"But where we lost was when we nominated candidates that were not up to par and that people just decided they weren’t what they were looking for," Hogan added. 

"They didn’t see them as problem solvers, didn’t hear them talking about commonsense solutions. So the folks that were focused on the past rather than the future and talked about fringe issues that most people didn’t care as much about were all almost universally defeated. What should have been a huge red wave turned out to be a tiny ripple."

Hogan suggested the GOP needs "to reexamine how we go about becoming a party with a message that appeals to more people and that can win elections."

Sununu stressed, "We’ve gotta be positive. We’ve gotta be inspirational," and focus on "inspiring that next generation of Republicans, of independents."

Republican Gov. Kim Reynolds of Iowa, who rolled to an impressive re-election win, said, "We told the electorate what we were going to do. We talked about our agenda. We got elected, and we followed through. And I believe that is the expectation of voters today. They don’t want you just talking about stuff. They want to know what you’re going to do and if you get elected, you better follow through with it. And we did it."

And GOP Gov. Kristi Noem of neighboring South Dakota added, "The No. 1 issue was honesty in government. And I think this country is desperate for leaders they can trust. And we talked about that a lot, that you need leaders that will actually follow through and do what they say."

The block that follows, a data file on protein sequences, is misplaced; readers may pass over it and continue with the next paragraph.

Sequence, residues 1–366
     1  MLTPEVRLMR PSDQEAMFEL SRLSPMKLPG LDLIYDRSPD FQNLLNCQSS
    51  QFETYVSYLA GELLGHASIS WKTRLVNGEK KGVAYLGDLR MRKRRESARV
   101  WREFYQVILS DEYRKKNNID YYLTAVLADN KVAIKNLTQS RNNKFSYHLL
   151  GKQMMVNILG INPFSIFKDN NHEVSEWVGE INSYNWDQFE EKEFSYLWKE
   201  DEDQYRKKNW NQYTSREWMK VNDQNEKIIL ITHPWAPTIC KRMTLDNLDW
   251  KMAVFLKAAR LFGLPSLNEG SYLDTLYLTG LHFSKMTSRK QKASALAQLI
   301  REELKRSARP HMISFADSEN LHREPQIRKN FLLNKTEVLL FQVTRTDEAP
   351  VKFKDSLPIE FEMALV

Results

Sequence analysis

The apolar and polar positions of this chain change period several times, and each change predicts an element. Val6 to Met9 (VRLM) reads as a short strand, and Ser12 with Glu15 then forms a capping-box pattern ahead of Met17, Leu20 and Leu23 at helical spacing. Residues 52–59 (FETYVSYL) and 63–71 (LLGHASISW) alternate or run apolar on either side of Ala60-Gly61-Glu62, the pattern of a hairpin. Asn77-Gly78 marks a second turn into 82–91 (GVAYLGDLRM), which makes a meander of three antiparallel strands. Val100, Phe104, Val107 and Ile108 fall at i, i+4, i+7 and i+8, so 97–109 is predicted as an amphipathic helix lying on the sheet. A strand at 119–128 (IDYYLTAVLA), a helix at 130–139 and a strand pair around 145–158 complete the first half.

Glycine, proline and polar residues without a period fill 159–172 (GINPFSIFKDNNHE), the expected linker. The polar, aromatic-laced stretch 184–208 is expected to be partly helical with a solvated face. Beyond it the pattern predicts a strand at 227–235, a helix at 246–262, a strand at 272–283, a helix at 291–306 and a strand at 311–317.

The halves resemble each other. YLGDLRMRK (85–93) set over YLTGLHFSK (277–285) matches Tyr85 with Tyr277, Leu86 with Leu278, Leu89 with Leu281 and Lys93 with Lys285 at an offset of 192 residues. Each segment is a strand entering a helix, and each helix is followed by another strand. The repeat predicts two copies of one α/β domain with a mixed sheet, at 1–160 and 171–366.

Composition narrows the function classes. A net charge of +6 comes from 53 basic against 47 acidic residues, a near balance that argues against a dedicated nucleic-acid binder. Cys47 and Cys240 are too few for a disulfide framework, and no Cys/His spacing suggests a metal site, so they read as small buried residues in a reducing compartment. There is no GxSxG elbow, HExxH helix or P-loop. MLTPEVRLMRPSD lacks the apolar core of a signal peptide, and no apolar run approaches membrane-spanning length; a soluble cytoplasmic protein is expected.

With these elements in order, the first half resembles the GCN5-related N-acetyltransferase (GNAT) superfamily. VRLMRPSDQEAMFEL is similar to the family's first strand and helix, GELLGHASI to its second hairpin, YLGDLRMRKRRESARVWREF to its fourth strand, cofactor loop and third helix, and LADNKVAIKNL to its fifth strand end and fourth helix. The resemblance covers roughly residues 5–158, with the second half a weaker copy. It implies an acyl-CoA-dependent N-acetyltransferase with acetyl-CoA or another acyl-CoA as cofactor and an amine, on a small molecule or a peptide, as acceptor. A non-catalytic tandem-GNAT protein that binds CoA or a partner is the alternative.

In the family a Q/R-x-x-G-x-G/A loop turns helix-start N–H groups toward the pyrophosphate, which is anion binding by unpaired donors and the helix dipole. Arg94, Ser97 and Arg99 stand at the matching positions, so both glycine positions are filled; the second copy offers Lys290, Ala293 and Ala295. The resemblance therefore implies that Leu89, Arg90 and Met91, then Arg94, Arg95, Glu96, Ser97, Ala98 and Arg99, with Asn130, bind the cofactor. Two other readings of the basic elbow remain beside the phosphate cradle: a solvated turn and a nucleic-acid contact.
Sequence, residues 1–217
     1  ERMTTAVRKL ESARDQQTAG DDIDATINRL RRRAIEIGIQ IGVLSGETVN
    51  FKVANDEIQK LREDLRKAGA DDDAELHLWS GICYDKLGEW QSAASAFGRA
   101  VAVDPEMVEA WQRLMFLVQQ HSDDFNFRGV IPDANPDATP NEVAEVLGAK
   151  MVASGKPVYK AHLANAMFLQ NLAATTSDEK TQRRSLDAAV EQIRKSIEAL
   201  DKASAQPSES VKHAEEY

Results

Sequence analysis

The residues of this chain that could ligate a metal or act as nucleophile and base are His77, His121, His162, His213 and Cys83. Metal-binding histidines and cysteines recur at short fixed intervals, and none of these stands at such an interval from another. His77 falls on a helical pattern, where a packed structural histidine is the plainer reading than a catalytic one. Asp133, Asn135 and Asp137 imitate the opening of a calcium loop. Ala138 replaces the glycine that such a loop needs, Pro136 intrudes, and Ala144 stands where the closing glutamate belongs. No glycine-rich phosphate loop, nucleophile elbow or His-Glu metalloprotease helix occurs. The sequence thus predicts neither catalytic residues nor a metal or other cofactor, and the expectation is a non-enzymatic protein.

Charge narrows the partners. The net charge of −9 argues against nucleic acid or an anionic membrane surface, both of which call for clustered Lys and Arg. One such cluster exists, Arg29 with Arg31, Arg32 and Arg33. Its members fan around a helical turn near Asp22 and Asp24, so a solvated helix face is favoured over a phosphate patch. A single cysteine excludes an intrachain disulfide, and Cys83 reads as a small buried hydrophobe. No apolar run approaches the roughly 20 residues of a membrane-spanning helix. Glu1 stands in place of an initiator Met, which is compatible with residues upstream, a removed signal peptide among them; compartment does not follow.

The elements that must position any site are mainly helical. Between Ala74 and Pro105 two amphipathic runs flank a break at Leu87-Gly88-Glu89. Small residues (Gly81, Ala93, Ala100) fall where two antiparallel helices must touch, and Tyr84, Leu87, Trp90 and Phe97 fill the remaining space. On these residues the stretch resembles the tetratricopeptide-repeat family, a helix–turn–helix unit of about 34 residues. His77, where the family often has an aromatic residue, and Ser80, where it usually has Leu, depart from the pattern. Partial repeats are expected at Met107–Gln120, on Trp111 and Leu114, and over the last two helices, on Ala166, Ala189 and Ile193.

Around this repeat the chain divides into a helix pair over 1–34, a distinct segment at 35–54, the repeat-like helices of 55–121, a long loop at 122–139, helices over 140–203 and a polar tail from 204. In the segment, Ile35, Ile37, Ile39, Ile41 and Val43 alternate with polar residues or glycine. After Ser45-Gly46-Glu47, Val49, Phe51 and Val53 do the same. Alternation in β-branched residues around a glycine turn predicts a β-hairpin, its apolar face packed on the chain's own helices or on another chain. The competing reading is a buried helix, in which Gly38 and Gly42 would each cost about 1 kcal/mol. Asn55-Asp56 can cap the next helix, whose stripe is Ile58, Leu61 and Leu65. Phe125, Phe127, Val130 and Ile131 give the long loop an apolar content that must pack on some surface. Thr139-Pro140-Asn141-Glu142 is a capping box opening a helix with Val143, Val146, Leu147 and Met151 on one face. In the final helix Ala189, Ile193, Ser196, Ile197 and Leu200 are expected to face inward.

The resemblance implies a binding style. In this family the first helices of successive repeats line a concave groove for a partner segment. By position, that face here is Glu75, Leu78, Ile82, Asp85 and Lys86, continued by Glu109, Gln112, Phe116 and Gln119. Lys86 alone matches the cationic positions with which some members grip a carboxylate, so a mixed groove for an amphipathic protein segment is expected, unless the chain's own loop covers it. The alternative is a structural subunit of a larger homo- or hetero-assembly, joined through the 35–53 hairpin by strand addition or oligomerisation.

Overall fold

Voices of discontent are growing inside the GOP as more insiders blame Trump for setbacks in the 2018 midterms, when the GOP lost the House majority; the 2020 election, when Republicans lost the White House and the Senate majority; and the 2022 midterms, when an expected red wave failed to materialize. Moreover, Trump’s standing among party leaders appears to be at its weakest point since the aftermath of the Jan. 6, 2021 attack on the U.S. Capitol.

However, Trump has survived rocky times before and proved those who counted him out wrong. The latest public opinion polling indicates Trump remains the front-runner for the GOP nomination, with Florida Gov. Ron DeSantis surging and everyone else in the potential field of contenders — including former Vice President Mike Pence — in the single digits.

DESANTIS RECEIVES HERO'S WELCOME AT GOP GOVERNOR'S CONFAB

DeSantis received a standing ovation as he gave a keynote conversation at the RGA’s confab Tuesday night, minutes before Trump’s announcement. And, earlier in the day, former New Jersey Gov. Chris Christie, a 2016 Republican presidential candidate who may run again in 2024, was loudly applauded by the governors as he blamed Trump for the GOP’s ballot box failures.